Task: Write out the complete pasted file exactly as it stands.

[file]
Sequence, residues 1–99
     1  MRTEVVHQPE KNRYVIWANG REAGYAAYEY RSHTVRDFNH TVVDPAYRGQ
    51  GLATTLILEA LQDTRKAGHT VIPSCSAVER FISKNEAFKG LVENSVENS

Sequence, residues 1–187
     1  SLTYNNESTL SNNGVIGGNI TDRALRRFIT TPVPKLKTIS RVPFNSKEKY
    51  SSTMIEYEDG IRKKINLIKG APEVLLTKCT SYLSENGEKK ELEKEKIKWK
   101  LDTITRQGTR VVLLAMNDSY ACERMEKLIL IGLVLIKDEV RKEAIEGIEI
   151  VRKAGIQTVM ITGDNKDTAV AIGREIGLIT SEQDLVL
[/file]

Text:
Sequence, residues 1–99
     1  MRTEVVHQPE KNRYVIWANG REAGYAAYEY RSHTVRDFNH TVVDPAYRGQ
    51  GLATTLILEA LQDTRKAGHT VIPSCSAVER FISKNEAFKG LVENSVENS

Sequence, residues 1–187
     1  SLTYNNESTL SNNGVIGGNI TDRALRRFIT TPVPKLKTIS RVPFNSKEKY
    51  SSTMIEYEDG IRKKINLIKG APEVLLTKCT SYLSENGEKK ELEKEKIKWK
   101  LDTITRQGTR VVLLAMNDSY ACERMEKLIL IGLVLIKDEV RKEAIEGIEI
   151  VRKAGIQTVM ITGDNKDTAV AIGREIGLIT SEQDLVL